King Hussein of Jordan will confer with President Reagan today about the chances for new Arab-Israeli peace talks, but U.S. officials cautioned against expecting dramatic breakthroughs in the search for a Palestinian-Jordanian negotiating team acceptable to all sides.
"This visit is part of a process that we hope in the end will lead to extension of the peace process and to direct negotiations," said a senior U.S. official who briefed reporters on condition he not be identified. "But there is still a long way to go," he said. "And I would caution you not to look for dramatic occurrences in the next 48 hours."
Hussein's visit is the latest event in a series that began Feb. 11 when the king and Palestine Liberation Organization Chairman Yasser Arafat agreed on a "framework" for joint talks aimed at ending Israeli occupation of the West Bank and Gaza Strip in exchange for Arab recognition of Israel's right to exist.
In addition to his talks with Reagan and other senior U.S. officials, Hussein will receive an honorary degree Thursday from Georgetown University. He also had scheduled a television interview and a public meeting here Friday and had planned to go to California for a private visit, but Jordanian sources said last night that Hussein might return home after the Georgetown ceremony.
His reasons for cutting the visit short were not immediately clear. But some non-Jordanian Arab sources said it was their understanding that Hussein was miffed by the senior official's cautions against expecting dramatic results and also wanted to avoid reporters' questions about his meetings with Reagan.
Difficulties have arisen over the naming of Palestinian representatives acceptable to the PLO and Israel and the United States. After conferring with Hussein in Amman on May 12, Secretary of State George P. Shultz said "some headway" had been made but "many difficulties" remained.
The United States has said it will meet with a joint delegation if its Palestinians are not PLO members and if U.S. officials see signs that its formation would result in direct talks with Israel. At the time of Shultz's visit to Amman, the Jordanians, apparently seeking to pressure Arafat, sought to give the impression that a list of potential Palestinian representatives had been given to the United States.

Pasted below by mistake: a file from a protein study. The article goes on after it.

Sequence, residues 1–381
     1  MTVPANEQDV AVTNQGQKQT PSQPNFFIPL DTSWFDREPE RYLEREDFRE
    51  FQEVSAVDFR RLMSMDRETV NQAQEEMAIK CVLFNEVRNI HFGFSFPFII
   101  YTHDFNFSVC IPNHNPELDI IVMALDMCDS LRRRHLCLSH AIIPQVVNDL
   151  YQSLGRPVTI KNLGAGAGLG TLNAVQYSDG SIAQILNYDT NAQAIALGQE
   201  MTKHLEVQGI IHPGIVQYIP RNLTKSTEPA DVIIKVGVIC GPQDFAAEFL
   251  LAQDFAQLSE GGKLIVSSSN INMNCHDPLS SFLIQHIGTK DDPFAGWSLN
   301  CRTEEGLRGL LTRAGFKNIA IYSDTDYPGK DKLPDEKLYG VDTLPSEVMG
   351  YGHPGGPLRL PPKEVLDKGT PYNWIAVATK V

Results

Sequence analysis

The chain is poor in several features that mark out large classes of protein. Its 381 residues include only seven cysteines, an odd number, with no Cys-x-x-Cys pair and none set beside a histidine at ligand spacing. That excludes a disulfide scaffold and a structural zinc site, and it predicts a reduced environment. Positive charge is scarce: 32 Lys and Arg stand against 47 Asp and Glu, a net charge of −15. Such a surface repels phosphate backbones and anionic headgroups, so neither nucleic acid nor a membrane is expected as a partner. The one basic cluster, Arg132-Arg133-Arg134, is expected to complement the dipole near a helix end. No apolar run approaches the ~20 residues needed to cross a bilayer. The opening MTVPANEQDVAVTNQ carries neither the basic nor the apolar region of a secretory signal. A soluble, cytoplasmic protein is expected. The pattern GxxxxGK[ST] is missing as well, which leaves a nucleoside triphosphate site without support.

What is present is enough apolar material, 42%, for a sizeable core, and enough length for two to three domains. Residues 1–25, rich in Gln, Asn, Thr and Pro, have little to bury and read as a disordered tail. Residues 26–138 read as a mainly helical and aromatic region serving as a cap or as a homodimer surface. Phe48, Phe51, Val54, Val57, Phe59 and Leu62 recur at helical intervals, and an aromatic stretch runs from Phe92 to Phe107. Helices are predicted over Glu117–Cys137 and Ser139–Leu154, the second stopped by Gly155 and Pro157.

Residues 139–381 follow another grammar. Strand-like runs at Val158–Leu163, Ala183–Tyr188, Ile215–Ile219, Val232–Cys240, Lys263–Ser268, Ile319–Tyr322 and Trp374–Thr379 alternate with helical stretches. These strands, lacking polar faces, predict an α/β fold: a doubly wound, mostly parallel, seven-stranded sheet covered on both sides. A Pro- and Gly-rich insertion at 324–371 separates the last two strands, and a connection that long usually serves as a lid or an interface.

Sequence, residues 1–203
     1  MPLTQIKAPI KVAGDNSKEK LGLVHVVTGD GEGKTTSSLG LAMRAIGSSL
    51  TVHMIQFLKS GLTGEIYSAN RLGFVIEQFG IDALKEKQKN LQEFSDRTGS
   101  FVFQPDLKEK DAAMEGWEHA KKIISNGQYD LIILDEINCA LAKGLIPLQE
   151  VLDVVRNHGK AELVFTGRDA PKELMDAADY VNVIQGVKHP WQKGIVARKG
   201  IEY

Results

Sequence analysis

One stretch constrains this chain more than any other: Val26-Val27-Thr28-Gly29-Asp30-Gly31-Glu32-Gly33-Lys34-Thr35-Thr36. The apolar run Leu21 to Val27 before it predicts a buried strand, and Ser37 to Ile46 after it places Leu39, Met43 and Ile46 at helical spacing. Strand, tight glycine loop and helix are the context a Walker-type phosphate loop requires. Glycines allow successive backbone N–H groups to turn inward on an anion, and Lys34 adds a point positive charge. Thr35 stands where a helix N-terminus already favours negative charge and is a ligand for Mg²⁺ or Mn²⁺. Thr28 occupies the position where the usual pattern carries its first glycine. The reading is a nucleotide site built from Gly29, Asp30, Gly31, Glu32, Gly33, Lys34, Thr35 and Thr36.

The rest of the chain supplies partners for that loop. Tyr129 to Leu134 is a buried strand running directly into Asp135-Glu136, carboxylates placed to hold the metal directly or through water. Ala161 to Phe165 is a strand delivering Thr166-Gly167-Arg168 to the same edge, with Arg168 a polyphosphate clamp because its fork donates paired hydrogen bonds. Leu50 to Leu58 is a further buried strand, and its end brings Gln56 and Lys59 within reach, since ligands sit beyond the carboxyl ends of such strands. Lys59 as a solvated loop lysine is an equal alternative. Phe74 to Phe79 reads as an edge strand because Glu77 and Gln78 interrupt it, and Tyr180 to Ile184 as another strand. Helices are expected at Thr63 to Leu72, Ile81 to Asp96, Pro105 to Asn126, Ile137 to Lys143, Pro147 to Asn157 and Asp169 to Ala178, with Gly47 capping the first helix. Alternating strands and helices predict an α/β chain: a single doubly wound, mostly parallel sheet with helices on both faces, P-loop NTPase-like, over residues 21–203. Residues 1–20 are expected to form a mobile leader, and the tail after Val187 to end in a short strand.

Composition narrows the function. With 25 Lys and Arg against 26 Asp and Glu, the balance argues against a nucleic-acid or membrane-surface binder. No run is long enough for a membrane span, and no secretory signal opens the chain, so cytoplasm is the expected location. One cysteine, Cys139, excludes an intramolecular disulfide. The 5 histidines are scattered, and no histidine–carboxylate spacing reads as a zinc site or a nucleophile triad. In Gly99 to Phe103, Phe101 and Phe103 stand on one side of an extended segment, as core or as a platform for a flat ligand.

"We have discussed individuals with whom we might meet on a for-example basis, for instance, but there is no definitive list in our hands," the senior official said yesterday.
Other U.S. officials went further, saying that some Palestinian names had been floated in earlier contacts with the United States, but as one official put it, "They were all instant non-starters in terms of their acceptability to Israel."
These other officials contended that while Hussein appears anxious to find a basis for negotiation, much of the effort on the Arab side has been focused on trying to persuade the United States to ease its refusal to recognize the PLO and to put pressure on Israel to negotiate with Palestinians who have PLO ties.
Another subject certain to be discussed is Jordan's long-delayed desire to buy U.S. arms, including high-performance aircraft, helicopters and mobile surface-to-air missiles. However, administration sources indicated that unless there is progress toward direct talks with Israel, Congress is almost certain to block such a sale.
The senior official recalled that the administration decided in February to delay all major new Mideast arms sales pending a study of the military balance in the region. He noted that the study is incomplete and said: "No decisions have been taken on new arms packages coming out of that."